Approximately 239 million tax returns are filed each year, and many would agree that the current tax system is outdated.
In this article, you’ll learn what you can expect based on what we know about the changes so far. Ready? Let’s get started.
Recently, the IRS announced that the standard deduction will rise for 2018 so it can keep up with inflation. Right now the single standard deduction is $6350 and this will increase to $6500 for 2018. For married couples filing jointly, the standard deduction will increase from $12,700 to $13,000.
However, these deductions could be quite different if the GOP’s tax reform bill ends up passing in time for the 2018 tax year. This tax framework nearly doubles the current deductions, calling for a $12,000 deduction for single filers and $24,000 for married couples.
Personal exemptions will also rise slightly for 2018- from $4,050 to $4,150. This reduces your taxable income, and personal exemptions can be used for each taxpayer and dependent on your tax return.
Unfortunately, this is one of those confusing tax changes that mean you may not actually be better off. Since the standard deductions will be used to consolidate the current personal exemption and standard deduction into one tax break, the personal exemption won’t actually apply. This may mean that your taxes will actually increase.
Recently, the IRS released the 2018 tax brackets. These have the same marginal tax rates, however, the income thresholds are slightly higher. The tax rates are currently:
Under the Republican tax plan, these would be consolidated into three brackets, which would be 12%, 25%, and 25%.
The tax changes are good news if you’re preparing for retirement. In 2018, savers who are contributing to their individual retirement accounts will be given higher income ranges after any adjustments for cost of living. For single taxpayers, the 2018 limit will be between $63,000 and $73,000.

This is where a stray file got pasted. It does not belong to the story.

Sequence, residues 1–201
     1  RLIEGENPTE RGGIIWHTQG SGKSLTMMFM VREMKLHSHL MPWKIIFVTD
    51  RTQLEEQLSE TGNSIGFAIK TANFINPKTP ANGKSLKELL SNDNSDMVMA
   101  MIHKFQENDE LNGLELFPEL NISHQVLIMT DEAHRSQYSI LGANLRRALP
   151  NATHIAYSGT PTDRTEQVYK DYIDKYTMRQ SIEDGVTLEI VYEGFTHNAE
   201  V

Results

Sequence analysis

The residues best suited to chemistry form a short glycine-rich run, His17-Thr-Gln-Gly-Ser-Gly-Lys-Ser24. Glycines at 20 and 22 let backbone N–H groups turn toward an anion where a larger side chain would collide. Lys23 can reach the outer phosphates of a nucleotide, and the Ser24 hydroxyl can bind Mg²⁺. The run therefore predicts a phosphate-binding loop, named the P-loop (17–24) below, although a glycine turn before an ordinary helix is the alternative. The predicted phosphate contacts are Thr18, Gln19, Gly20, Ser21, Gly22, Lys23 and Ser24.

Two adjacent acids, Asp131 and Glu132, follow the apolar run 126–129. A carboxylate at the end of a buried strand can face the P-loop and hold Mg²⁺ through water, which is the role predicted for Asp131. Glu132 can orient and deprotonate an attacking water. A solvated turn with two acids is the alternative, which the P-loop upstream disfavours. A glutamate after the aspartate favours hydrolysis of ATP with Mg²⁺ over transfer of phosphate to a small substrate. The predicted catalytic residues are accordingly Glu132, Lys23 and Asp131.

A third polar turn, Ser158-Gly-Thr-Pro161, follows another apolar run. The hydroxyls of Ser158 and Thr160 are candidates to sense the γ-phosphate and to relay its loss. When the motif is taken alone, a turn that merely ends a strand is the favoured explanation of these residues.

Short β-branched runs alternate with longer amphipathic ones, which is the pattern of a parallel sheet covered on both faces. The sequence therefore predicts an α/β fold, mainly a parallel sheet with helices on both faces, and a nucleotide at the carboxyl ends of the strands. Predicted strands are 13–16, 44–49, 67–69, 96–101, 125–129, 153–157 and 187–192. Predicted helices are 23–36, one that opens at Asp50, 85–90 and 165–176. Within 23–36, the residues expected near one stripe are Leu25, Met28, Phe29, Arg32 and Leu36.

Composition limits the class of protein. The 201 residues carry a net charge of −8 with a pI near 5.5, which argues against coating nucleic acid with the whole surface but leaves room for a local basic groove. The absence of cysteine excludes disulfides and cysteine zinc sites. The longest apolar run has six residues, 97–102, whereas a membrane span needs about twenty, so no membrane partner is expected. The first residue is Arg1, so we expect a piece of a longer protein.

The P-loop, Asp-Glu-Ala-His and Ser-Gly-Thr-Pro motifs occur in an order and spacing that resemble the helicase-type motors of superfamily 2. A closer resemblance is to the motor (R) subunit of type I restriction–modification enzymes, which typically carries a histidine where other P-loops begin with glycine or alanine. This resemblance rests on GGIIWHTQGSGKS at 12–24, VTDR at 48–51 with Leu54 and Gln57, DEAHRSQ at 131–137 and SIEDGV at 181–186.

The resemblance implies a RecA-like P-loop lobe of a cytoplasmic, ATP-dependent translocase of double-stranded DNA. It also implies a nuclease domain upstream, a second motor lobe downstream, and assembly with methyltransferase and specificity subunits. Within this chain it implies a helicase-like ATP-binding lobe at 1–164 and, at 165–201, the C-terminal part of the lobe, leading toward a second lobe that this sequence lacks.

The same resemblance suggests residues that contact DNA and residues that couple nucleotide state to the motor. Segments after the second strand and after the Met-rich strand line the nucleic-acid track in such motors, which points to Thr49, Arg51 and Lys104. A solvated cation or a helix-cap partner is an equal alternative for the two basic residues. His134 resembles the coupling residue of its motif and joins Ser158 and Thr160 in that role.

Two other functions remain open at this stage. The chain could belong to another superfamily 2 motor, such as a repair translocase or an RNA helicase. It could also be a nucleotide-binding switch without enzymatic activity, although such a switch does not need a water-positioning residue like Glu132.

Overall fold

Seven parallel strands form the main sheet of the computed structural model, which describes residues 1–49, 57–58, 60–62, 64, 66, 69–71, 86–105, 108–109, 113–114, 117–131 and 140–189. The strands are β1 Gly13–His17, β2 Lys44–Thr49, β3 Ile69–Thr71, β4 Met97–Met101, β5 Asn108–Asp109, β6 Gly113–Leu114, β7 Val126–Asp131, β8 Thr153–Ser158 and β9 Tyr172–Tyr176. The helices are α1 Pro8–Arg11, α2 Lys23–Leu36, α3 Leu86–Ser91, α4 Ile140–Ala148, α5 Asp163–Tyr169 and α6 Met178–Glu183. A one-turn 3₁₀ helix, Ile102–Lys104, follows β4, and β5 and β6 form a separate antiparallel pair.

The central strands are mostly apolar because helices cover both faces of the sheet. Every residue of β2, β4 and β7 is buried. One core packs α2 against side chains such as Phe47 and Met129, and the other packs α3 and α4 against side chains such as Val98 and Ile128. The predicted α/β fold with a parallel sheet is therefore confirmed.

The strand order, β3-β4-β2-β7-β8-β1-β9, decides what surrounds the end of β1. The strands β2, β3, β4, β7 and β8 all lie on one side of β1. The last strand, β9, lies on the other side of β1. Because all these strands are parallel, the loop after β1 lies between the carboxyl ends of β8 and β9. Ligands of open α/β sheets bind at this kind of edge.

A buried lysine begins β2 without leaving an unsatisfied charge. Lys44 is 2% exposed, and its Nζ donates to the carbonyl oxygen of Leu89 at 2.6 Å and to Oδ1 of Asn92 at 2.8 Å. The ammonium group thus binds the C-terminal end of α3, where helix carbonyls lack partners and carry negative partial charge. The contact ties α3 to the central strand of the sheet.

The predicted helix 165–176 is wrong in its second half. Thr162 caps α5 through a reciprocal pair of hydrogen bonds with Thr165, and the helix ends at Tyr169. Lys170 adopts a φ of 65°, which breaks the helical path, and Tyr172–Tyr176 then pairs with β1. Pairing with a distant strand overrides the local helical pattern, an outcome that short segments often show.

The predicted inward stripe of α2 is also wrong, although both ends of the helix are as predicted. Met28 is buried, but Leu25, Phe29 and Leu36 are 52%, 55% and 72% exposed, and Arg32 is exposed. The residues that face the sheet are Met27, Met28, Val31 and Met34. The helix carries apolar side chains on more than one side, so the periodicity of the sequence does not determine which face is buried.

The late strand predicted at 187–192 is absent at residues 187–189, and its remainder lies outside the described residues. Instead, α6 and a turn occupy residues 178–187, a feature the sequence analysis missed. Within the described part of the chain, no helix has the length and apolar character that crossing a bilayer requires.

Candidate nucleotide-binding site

This will work a little differently for married couples. This is because the phase-out range depends on whether you’re covered by a workplace retirement plan.
For Roth IRAs, the phase-out will be increased from $120,000 to $135,000. Married couples filing jointly also now benefit from a $10,000 increase to $199,000.
The AMT is designed to ensure that people earning a higher income are paying their fair share- even if they’re benefiting from lots of tax credits and deductions.
For 2018, the exemptions start at $55,400 for single taxpayers (up from $54,300) and $86,200 for married taxpayers filing jointly (increasing from $85,200).
The GOP is opposed to the alternative minimum tax as they say it makes the tax system more complex. Critics on both sides say that it also impacts more people in middle-income tax brackets than it was intended to. Under the Republican tax reform, the AMT would be gone altogether.
While we now know what the planned tax changes are for 2018, many of these won’t matter if the GOP manages to pass a tax reform bill. For the time being, assume that these changes will be implemented, and be prepared to make adjustments if tax reform does end up passing before the next tax year.
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